UPDATE 4-Newmont profit soars, but costs also rise

* Q3 EPS $1.09 vs Wall Street view 95 cents

* Sales rise to $2.6 bln from $2.0 bln

* Cuts Aussie mine production target, ups cost estimate

* Stock down 2.3 percent
(Adds executive comments, updates stock move)

By Steve James

NEW YORK, Nov 2 (BestGrowthStock) – Newmont Mining Corp (NEM.N: )
beat Wall Street estimates with a 38 percent increase in
quarterly profit, but the world’s No. 2 gold producer cut the
2010 production target at its flagship Australian mine for the
second time this year, sending its stock down.

Newmont also raised its estimate for costs applicable to
sales this year after they climbed 18 percent in the third
quarter. It cited higher waste mining and royalty costs, a
stronger Australian dollar, and lower production in South
America, partially offset by higher output in Africa.

The company’s stock was down 2.3 percent at $59.80 in
afternoon trading on the New York Stock Exchange.

Newmont lowered the full-year production target at the
Boddington mine in Western Australia to a range of 700,000 to
750,000 ounces from 750,000 to 825,000 ounces. Boddington costs
applicable to sales were raised to $575 to $595 per ounce from
$475 to $550.

The company cited unplanned mill maintenance in July and
August. As a result, third-quarter gold production at the mine
decreased 2 percent from the second quarter, and copper output
fell 12 percent.

On a conference call, Chief Executive Richard O’Brien
assured Wall Street analysts the mine would be the bumper gold
producer the company has promised.

“As a 20-year-plus asset with compelling exploration
potential, our expectations for Boddington continue to be
high,” he said, adding that the mine was still transitioning to
full capacity.

Brian Hill, Newmont’s vice president of operations,
stressed that Boddington’s production in October was “pretty
much in line with the forecast that we had expected.”

He said Newmont was “refining our modeling assumptions and
the methodology that we have been using to generate our
production planning model.” He said the company would give its
updated 2011 outlook for the mine in February.

In its earnings release on Tuesday, Newmont said
third-quarter net profit rose to $537 million, or $1.09 per
share, from $388 million, or 79 cents per share, a year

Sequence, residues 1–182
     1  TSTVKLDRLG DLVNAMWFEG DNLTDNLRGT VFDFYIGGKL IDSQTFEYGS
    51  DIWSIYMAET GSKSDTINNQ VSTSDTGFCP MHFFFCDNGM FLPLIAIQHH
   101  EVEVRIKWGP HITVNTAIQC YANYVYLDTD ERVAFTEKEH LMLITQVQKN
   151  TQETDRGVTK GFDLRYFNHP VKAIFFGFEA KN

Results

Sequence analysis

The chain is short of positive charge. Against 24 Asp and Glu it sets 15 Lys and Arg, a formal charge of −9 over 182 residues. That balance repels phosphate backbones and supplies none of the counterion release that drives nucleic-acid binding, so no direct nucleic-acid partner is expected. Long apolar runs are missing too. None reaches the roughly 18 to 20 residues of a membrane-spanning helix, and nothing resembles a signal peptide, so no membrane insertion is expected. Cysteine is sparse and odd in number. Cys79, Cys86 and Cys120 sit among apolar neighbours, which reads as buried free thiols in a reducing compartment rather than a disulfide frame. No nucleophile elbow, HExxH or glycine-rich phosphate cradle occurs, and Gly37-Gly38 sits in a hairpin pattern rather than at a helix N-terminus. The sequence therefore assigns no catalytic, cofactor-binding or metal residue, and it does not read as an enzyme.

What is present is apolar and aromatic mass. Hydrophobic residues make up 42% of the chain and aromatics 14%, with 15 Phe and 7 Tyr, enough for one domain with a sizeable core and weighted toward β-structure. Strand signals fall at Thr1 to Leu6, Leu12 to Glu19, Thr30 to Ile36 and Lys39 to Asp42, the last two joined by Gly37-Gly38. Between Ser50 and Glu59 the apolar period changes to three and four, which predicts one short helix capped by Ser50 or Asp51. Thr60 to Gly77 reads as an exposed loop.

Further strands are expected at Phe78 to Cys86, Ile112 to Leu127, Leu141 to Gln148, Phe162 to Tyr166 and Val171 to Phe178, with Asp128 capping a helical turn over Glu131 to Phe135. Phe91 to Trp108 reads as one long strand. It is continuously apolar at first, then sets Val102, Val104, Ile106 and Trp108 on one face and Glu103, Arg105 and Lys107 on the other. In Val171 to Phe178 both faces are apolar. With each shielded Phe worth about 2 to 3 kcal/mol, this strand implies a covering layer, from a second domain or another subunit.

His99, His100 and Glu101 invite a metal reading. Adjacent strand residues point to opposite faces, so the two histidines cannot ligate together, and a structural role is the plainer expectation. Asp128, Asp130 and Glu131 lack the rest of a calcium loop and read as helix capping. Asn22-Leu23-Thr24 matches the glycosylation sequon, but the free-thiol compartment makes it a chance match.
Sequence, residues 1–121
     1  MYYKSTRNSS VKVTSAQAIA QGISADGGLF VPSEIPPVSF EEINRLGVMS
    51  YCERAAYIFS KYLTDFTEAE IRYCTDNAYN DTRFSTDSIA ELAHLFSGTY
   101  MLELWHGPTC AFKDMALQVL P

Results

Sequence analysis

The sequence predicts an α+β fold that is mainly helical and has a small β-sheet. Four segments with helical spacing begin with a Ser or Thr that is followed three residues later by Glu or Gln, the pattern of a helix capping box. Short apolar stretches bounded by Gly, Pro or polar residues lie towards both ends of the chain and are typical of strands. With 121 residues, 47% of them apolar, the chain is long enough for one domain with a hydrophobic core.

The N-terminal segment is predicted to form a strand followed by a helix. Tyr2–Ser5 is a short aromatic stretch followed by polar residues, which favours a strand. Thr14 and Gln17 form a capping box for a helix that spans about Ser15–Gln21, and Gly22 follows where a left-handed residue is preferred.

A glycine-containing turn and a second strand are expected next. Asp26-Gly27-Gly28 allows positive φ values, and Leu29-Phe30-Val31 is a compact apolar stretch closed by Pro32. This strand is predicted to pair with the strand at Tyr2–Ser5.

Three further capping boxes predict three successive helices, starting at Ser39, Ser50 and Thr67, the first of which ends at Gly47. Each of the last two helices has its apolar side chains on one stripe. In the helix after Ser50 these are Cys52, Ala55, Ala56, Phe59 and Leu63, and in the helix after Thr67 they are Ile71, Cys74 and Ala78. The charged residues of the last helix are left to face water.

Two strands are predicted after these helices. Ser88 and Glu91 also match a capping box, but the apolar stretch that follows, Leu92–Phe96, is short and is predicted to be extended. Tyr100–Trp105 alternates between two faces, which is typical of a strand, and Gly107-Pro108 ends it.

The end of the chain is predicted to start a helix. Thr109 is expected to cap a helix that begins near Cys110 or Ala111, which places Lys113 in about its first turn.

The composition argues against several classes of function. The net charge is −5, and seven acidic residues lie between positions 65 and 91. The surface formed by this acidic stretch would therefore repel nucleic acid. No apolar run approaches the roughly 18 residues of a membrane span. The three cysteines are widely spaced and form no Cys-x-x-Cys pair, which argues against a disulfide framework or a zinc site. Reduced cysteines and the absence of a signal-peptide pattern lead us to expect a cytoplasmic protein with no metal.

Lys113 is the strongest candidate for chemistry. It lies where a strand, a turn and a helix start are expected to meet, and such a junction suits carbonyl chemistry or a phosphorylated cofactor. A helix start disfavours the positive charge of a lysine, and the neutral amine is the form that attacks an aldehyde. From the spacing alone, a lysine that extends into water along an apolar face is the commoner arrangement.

earlier. Sales increased to $2.6 billion from $2.0 billion. The
price of gold hit highs above $1,350 per ounce in recent

Analysts on average were expecting earnings of 95 cents per
share on revenue of $2.37 billion, according to Thomson Reuters

Newmont, which operates mines in North and South America,
Australia, Indonesia and Africa, narrowed its full-year gold
production forecast to a range of 5.3 million ounces to 5.4
million ounces, from 5.3 million to 5.5 million.

The Denver-based company increased its costs applicable to
sales for the year to a range of $485 to $500 per ounce from
$460 to $480.

During the third quarter, Newmont’s equity gold production
totaled 1.4 million ounces, while equity copper production was
83 million pounds. Equity production represents the proportion
of production owned by Newmont in joint operations with other
mining companies.

With prices soaring, Newmont’s average realized gold price
in the quarter was $1,221 per ounce, around the spot average.
It sold copper at an average of $3.67 per pound, considerably
higher than the spot average of $3.29.

“The main reason for the higher earnings per share is due
to the higher realized copper price impacting the revenue
line,” analyst Tanya Jakusconek, of National Bank Financial,
wrote in a research note.

Noting that Newmont had tightened its gold production
forecast and raised cost estimates, she concluded the company
would have a weaker fourth quarter operationally.

Michael Dudas, of Jefferies & Co, said a combination of
factors should push gold prices higher in the next 12 to 18
months, “and we anticipate Newmont shares to better reflect
(Reporting by Steve James; Editing by Lisa Von Ahn, Dave
Zimmerman and John Wallace)

UPDATE 4-Newmont profit soars, but costs also rise